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Figures (8)

Fig. 1
Fig. 1

Multi-transmitter system. The scene is illuminated with one transmitter at a time. A shift of Δx in the transmitter location results in a shift of −Δx in the backscattered field.

Fig. 2
Fig. 2

(a) Wavefront difference between two overlapping apertures. (b) Sub-regions with uniform phase offset.

Fig. 3
Fig. 3

(a) Actual multi-transmitter system. (b) Equivalent multi-aperture system.

Fig. 4
Fig. 4

(a) to (c) show the phase difference in overlap regions. (d) to (e) show the subregions within each overlap region.

Fig. 5
Fig. 5

(a) Image formed at an aperture by averaging 30 speckle realizations. (b) Estimated phase error using the proposed algorithm. (Units are in waves; up to fifth order Zernike polynomials are used.) (c) Aberration corrected first aperture, corresponding to (a). (d) Composite formed by all three aberration-corrected apertures.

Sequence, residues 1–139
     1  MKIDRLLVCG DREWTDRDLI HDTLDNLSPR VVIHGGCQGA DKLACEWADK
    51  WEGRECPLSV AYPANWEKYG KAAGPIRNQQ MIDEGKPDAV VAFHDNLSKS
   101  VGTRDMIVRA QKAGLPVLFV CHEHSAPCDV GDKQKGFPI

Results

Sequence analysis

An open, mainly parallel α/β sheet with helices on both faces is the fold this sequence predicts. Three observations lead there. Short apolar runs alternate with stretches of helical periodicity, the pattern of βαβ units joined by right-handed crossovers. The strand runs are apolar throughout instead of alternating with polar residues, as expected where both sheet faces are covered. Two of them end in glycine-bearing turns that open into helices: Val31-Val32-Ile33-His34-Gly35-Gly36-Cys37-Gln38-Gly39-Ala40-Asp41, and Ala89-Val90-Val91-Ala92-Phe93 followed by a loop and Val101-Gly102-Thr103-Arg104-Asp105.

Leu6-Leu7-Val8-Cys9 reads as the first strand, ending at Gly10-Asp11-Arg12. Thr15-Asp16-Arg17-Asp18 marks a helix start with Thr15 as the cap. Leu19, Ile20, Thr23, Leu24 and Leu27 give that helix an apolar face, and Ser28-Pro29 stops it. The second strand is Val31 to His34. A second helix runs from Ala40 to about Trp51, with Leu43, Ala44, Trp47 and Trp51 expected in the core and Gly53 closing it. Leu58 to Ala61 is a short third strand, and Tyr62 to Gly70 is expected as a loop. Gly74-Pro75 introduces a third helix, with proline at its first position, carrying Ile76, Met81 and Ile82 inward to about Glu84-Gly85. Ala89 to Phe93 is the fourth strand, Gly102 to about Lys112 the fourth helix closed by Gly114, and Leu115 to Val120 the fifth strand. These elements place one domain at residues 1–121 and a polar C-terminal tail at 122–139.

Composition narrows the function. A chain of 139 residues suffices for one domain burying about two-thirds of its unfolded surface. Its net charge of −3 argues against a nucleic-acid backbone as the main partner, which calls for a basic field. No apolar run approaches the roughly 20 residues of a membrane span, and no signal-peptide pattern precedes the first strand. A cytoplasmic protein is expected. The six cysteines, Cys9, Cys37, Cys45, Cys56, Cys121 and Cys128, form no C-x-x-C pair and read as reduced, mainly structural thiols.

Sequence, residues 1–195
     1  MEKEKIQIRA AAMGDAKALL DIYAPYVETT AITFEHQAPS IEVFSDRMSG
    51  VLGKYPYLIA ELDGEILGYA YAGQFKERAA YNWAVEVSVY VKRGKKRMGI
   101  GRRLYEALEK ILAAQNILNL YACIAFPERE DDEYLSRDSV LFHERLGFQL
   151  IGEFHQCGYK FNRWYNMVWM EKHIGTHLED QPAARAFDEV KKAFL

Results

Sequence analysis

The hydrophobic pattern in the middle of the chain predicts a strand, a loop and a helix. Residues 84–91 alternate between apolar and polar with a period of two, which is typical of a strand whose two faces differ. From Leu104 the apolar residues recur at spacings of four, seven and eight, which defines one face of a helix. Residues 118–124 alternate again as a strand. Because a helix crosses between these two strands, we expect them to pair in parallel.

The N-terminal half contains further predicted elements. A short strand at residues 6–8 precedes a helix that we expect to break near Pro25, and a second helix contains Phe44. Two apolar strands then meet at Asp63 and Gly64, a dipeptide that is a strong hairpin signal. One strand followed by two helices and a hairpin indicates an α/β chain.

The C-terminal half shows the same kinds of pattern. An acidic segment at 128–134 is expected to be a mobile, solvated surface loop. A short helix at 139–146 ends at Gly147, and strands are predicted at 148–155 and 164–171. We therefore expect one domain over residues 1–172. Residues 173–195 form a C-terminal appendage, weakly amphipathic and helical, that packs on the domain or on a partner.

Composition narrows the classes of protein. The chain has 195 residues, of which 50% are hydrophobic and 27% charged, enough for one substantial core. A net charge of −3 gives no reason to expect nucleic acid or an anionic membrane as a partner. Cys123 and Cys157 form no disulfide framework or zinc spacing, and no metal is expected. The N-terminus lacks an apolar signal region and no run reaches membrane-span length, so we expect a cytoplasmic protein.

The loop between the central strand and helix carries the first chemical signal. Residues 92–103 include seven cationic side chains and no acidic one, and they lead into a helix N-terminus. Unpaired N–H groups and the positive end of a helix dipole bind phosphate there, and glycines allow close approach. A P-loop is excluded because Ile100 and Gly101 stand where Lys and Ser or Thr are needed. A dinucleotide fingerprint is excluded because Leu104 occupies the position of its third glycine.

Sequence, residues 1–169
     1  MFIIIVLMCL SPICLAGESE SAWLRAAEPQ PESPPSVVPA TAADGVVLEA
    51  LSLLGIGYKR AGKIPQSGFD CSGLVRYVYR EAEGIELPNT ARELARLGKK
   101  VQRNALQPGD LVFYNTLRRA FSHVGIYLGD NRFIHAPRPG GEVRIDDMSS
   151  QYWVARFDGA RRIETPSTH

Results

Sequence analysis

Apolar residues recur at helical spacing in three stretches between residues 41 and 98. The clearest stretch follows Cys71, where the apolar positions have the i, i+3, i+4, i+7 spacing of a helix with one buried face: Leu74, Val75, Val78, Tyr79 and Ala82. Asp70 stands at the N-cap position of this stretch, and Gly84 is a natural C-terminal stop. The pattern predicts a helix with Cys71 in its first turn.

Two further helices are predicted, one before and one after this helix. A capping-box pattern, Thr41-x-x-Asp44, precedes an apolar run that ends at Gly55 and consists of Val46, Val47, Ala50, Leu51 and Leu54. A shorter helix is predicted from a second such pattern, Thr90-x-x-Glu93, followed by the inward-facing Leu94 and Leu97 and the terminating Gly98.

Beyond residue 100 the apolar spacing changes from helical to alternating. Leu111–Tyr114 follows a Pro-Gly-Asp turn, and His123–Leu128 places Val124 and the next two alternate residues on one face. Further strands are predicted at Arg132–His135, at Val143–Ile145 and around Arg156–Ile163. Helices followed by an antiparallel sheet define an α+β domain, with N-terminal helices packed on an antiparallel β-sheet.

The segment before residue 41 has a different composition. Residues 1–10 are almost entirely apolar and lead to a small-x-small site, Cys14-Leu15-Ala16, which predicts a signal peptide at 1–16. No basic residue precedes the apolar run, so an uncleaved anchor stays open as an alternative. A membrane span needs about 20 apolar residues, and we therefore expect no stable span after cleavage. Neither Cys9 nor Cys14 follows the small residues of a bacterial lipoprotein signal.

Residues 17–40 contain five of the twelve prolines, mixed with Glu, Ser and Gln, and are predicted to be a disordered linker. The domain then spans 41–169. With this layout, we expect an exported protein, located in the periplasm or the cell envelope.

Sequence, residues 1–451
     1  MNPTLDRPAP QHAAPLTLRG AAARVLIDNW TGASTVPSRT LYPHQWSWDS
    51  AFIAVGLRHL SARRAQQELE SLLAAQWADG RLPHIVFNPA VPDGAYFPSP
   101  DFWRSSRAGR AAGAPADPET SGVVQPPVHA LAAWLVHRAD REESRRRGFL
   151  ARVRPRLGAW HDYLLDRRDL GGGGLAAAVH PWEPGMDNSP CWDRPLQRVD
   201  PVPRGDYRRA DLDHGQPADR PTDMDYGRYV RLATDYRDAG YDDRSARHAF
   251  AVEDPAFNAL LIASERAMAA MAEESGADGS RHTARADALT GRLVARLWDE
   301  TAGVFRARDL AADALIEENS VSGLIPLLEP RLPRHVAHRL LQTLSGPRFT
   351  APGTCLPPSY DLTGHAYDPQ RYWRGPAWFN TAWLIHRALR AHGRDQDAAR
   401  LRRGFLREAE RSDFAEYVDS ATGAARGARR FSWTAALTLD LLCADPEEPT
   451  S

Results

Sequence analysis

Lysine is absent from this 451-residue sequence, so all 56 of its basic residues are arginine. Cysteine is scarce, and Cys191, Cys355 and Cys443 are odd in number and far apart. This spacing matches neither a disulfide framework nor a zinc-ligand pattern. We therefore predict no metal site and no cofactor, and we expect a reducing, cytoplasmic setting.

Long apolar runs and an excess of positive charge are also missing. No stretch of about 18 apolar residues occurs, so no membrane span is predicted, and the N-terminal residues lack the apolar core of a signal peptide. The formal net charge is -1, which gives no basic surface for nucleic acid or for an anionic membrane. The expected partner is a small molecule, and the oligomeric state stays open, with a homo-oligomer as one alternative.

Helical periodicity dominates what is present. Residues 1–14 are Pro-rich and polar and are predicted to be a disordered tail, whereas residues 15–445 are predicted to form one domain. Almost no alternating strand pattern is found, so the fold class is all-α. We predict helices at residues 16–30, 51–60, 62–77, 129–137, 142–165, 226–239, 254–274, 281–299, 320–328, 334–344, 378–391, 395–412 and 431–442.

Fig. 6
Fig. 6

Root mean square error in the wavefront reconstruction as a function of root mean square wavefront aberration.

Fig. 7
Fig. 7

Root mean square error in the wavefront reconstruction as a function of signal to noise ratio in the pupil field.

Fig. 8
Fig. 8

A sample restoration, where the RMS wavefront aberration is 0.4951 and the signal to noise ratio is 100. (a)–(c) The difference fronts and the corresponding sub-regions are displayed. (d) Actual wavefront aberration. (e) Estimated wavefront aberration. (f)–(g) The difference between the actual and estimated wavefront aberrations. The RMS wavefront reconstruction error is 0.0403. Note that in (d)–(f), the same colormap is used for comparison purposes.